On the Shoulder of Giants
|A glorious burden|
It sometimes seems that as a society, we are enamoured with the myth if you want to call it that, the archetype, if you will, of the entrepreneur. That myth often has a very singular form. The sole entrepreneur against the world; the start up created in a basement or garage. Think of Facebook, Snapchat, Google and how they started, or at least, how we are told they started.
I understand the urge to mythologize the sole entrepreneur, don’t get me wrong. The entrepreneurial spirit is an essential one. That desire to strive, to create, to forge ahead, to take the world as it is and shape it to one that we want it to be, is necessary. Without it, who knows, we may still be stuck in the pre-industrial age. But it’s important to realize that it is a myth, and like all myths, there is an opposite to it.
Imagine a world in which we were all Atlas? What kind of world would that be?
If the entrepreneurial spirit is the driving force for all of us, if we are all Atlas, then the world becomes a lonely, fragmented place. If sole creation is the most valued thing in society, then we would all have to reinvent the wheel every time we wanted to drive. Fortunately, it does not work that way. Atlas holds up the world, but we cannot all be Atlas, and we should not all want to be Atlas.
There’s something to be said for standing on the shoulders of giants, of working within an established order instead of in a land of do-as-you-please. The myth of the sole entrepreneur, the sole creative driving force leaves very little room for stability and development. It leaves very little room for the kind of true collaboration that is what powers humanity. It leaves very little room for standing on the shoulders of giants, giants who themselves were influenced by those that came before. This myth of the sole entrepreneur obscures that reality.
Some of the greatest inventions have come from building on that which came before. Think about Gmail, for example. That simple (seeming) email system came from a group of programmers, engineers and others, who could have taken their ideas and tried to develop them individually, but they did not. The sum was greater than its parts.
Tied to the creation myth is the idea that creation itself is the end-all be-all, the raison d’être for everything and everyone. This idea values creation (whether through writing, photography or other creative endeavours) as the epitome of human achievement. Creation is seen as the only kind of creativity; an idea that sees little need for passive pursuits. When creation is the only valued kind of creativity, what use is a person who merely enjoys the creativity of others?
Being a writer, I understand the urge, and while a part of me wants to be flattered by the fact that some might call me a creator, I remember the long stretches of passivity I went through. I remember reading voraciously and not writing a single word. I was 16 before I attempted to write my first piece. I had read and discussed countless books before that. Some could say I was passive, that I was a taker, not a maker, but I disagree. I prefer to think I was absorbing, synthesizing, learning, developing. I was developing my sense of self, learning structure, how to write, how to think, how to be, learning how to work with and among others. What is that if not a creative act? While absorbing the lessons from the pieces I read and discussed among fellow scholars and thinkers, I began the process of creating myself.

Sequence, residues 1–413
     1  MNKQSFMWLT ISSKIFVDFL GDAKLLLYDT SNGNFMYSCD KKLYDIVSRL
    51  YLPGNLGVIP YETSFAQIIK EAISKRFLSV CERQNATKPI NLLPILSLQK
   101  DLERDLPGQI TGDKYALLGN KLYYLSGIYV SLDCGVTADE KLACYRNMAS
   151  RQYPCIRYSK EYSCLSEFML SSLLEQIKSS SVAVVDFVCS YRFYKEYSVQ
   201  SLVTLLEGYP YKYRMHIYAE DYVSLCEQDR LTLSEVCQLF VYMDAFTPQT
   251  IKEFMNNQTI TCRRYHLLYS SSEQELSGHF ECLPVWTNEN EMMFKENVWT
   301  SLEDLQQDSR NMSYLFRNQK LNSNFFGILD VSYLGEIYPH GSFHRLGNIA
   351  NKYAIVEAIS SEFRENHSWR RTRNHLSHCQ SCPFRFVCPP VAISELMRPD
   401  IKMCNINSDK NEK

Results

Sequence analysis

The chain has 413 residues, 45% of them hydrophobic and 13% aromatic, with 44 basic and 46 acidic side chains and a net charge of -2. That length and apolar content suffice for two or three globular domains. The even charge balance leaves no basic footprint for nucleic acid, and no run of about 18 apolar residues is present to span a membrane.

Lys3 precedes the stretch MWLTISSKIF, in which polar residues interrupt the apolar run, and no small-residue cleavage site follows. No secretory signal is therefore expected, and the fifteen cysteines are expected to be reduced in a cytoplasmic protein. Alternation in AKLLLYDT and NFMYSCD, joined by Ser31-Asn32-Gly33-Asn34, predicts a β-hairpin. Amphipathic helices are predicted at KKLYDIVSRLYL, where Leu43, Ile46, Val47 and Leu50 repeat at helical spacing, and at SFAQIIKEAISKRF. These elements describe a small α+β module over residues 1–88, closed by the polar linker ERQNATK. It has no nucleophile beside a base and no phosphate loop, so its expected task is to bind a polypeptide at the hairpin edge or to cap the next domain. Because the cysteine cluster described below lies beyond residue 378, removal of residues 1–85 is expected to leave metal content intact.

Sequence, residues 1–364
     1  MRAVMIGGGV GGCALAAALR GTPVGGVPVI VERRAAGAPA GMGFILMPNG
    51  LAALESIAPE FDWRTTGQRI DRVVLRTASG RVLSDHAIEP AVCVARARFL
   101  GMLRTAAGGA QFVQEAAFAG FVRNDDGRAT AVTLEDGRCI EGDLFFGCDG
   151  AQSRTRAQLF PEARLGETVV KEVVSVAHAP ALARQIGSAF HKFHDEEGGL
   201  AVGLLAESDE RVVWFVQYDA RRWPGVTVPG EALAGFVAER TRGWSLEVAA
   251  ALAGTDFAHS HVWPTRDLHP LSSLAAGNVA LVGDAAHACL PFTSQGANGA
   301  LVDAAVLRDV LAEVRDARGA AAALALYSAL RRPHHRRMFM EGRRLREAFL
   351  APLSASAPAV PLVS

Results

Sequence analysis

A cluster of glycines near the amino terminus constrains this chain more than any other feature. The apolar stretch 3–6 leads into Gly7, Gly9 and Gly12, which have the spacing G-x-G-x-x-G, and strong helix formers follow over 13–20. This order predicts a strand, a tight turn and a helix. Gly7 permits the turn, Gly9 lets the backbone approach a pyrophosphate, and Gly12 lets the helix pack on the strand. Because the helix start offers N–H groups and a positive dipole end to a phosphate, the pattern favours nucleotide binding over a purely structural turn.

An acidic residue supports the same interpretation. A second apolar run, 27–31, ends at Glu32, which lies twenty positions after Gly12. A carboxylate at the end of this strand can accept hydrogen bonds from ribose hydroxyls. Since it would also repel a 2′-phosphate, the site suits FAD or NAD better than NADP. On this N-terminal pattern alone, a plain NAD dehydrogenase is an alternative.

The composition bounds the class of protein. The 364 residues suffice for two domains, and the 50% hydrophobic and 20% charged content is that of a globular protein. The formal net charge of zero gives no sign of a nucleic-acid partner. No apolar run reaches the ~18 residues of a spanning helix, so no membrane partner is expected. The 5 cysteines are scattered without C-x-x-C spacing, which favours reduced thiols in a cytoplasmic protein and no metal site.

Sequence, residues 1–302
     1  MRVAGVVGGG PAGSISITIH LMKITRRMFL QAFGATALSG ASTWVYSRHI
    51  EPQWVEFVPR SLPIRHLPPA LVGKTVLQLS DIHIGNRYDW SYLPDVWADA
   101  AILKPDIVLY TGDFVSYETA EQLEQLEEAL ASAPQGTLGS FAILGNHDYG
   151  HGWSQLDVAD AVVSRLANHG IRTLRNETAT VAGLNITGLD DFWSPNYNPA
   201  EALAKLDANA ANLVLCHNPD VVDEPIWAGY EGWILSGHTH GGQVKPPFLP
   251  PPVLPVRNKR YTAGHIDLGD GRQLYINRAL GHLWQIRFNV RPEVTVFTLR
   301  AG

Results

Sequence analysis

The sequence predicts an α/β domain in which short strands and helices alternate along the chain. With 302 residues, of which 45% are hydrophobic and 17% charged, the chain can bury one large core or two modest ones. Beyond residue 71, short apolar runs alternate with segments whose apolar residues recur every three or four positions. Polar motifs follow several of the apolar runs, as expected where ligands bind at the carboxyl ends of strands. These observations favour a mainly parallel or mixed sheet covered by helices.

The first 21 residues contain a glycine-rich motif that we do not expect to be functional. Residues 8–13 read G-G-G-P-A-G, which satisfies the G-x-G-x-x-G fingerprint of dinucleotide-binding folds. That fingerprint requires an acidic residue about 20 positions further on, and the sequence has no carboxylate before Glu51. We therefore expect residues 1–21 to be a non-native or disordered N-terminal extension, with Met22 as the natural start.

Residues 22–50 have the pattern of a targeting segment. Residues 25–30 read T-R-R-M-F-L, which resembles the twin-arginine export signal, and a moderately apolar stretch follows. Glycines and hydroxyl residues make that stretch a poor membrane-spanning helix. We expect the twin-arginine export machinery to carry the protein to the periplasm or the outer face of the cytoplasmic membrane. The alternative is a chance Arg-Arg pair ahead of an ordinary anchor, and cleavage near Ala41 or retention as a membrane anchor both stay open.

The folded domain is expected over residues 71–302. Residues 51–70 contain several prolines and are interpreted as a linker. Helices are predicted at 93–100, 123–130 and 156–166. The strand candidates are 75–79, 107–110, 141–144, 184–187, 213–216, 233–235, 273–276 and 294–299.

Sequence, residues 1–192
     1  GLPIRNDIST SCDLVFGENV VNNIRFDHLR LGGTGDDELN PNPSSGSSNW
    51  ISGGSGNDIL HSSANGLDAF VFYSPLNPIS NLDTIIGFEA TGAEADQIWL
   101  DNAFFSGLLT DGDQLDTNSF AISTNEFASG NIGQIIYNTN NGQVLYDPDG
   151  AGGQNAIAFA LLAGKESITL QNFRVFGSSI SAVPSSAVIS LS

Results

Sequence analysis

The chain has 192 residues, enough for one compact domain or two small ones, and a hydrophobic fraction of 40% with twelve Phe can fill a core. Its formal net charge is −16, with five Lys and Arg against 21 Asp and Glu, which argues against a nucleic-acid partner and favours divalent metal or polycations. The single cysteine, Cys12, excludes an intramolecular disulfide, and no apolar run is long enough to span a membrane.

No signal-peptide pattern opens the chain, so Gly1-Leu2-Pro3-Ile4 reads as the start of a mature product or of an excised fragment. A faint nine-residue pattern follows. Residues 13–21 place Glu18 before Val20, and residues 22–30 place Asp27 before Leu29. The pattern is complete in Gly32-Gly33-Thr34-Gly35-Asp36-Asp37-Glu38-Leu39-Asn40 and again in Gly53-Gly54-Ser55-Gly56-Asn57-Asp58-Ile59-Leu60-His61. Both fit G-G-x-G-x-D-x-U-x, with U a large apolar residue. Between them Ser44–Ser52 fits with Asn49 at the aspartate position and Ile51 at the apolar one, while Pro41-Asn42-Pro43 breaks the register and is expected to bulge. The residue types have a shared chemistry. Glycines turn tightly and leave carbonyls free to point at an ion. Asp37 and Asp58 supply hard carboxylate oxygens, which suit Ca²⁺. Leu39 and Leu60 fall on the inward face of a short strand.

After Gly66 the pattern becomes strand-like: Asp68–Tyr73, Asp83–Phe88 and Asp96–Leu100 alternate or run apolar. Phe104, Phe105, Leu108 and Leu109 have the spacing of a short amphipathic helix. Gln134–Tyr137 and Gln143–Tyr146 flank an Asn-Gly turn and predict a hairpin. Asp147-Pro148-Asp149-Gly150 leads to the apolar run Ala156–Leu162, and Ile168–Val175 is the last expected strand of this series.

Whether or not I ever wrote a word would not diminish the importance and truth of that creative process. But of course, it never ends there. We all have the creative urge, and it is in the nature of who we are that we cannot help but strive to create our own versions of what we love.
Those passive periods, where I created nothing were critical to my development as a writer, and to my development as me. Those passive periods where I merely discussed and collaborated with others were crucial. When I eventually began to write, it only seemed like a solitary act; I only seemed to fulfill the solo artist myth. Behind and beside and all around me were Atlases. With their influence, with my feet planted firmly on their shoulders, I had a platform then to reach for the stars and have the clouds as my footstool. I took what I absorbed and created myself from it.
That is what we all do. If we don’t have those influences, if we are forced to create from whole cloth, if we do not allow ourselves the space to collaborate, to build on what comes before, we may never create at all. The true tragedy in that is we then lose the opportunity to be Atlas to those who come after us. We need to create, to appreciate creation, but also to appreciate the creation that happens in between creation.